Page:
Monday, 15 May 2017

Undertaker - The Phenom

In the late 90s, it was hard to catch up on wrestling storylines that had gone by. Obviously, there was no streaming, and releasing weekly wrestling TV shows on VHS would have been absurdly expensive and impractical. There were, occasionally, character-specific Tapes that would get released for the most popular wrestlers, containing highlights from the past year or two, and if you're lucky, maybe even a few complete matches. I have two of these old tapes (well, technically, I have the DVD rereleases they got when the format was new and they were just trying to get as much stuff out there for people to buy as possible), and while the other one, Three Faces of Foley, is fairly conventional in its presentation, showing promos and matches between out-of-character segments where Mick Foley bestows fatherly advice upon young Matt and Jeff Hardy, The Phenom takes a totally different approach.

There's no new video footage on this release, for example, nor are there any interviews with The Undertaker, in- or out-of-character. What we get instead are summaries of his feuds from 1996 up to the end of 1998, with Mankind, Kane, Shawn Michaels, and so on. We get to see the most dramatic parts of matches, as well as various promos and vignettes and other storyline stuff. The masterstroke, though, is in the presentation: dramatic orchestral music has been added to almost everything, and each new segment is introduced with dramatic narration from Classy Fred Blassie.

This is all incredibly effective, and makes The Undertaker, Kane, Mankind and Paul Bearer into the straight to video 90s horror icons they were always meant to be. And this DVD ends just before the formation of the Ministry of Darkness, so you get all the insane familial drama, the magically-summoned flames and bolts of lightning, and all that cool supernatural stuff that's sorely missing from current mainstream wrestling (I know there's Bray Wyatt, and he's both a talented guy and an awesome character, but the way they're booking him is atrocious).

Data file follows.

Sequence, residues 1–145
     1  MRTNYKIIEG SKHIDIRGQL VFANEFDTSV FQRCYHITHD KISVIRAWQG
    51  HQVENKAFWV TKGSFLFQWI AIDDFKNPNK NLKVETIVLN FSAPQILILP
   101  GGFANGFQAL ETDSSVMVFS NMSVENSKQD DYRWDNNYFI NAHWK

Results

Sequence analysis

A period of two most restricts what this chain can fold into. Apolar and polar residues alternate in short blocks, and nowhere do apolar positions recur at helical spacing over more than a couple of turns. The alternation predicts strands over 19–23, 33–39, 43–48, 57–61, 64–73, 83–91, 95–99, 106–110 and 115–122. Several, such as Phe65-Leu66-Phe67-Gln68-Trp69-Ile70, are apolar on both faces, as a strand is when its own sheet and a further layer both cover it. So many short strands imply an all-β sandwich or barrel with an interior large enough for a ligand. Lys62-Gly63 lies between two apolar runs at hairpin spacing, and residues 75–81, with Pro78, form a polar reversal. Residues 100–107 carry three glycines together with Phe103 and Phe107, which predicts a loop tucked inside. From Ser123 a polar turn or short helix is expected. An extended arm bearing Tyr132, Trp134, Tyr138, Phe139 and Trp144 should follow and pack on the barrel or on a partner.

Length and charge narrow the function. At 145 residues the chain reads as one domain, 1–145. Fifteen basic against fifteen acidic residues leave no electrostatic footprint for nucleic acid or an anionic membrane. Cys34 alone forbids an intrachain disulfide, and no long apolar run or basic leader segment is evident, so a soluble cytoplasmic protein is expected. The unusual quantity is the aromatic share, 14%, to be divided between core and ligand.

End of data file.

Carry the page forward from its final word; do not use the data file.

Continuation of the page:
It's been out of print for well over a decade, and it doesn't look like WWE have any interest in uploading any of their (or ECW's, for that matter) home video-only stuff to the network, but if you can track a copy down at a reasonable price, The Phenom is an excellent way to spend an hour.

Saturday, 6 May 2017

Grimes and Let It Die (PS4)

Okay, I understand your disappointment that the first post on my non-videogames blog in half a year is about a videogame, but I promise there'll be another one soon. Ish. I hope. Anyway, this is just a thing I've noticed, and I posted about it on a forum ages ago, and it seems like no-one else has said anything about it on the internet as far as I can tell, so I might as well put this post out there for prosperity.

The "it" in question is, of course, the many aesthetic parallels and similarities between the music video for the song Kill V. Maim by Grimes, and the videogame Let it Die: abandoned, dirty subway stations and industrial-looking areas, makeshift weaponry, people wearing breathing masks, and generally a casual attitude towards death and violence are objects and themes the two works share.

Kill V. Maim came out first, on the fourth of March 2016, with Let it Die being released almost exactly nine months later on the third of December. I think the similarities are probably coincidental though, as Let it Die famously had a very long development time. Plus, Grimes herself has apparently said that the video was supposed to be like a trailer for an imaginary movie that's like The Godfather, except with a vampire protagonist who can switch gender and travel tthrough space, which is exactly the kind of shameless disregard for traditional narrative and setting that I can respect.

One last thing, the vehicle shot near the start of Kill V. Maim really brings to mind Zoot's police car/chariot from the first season of the New Zealand teen apocalysoap The Tribe: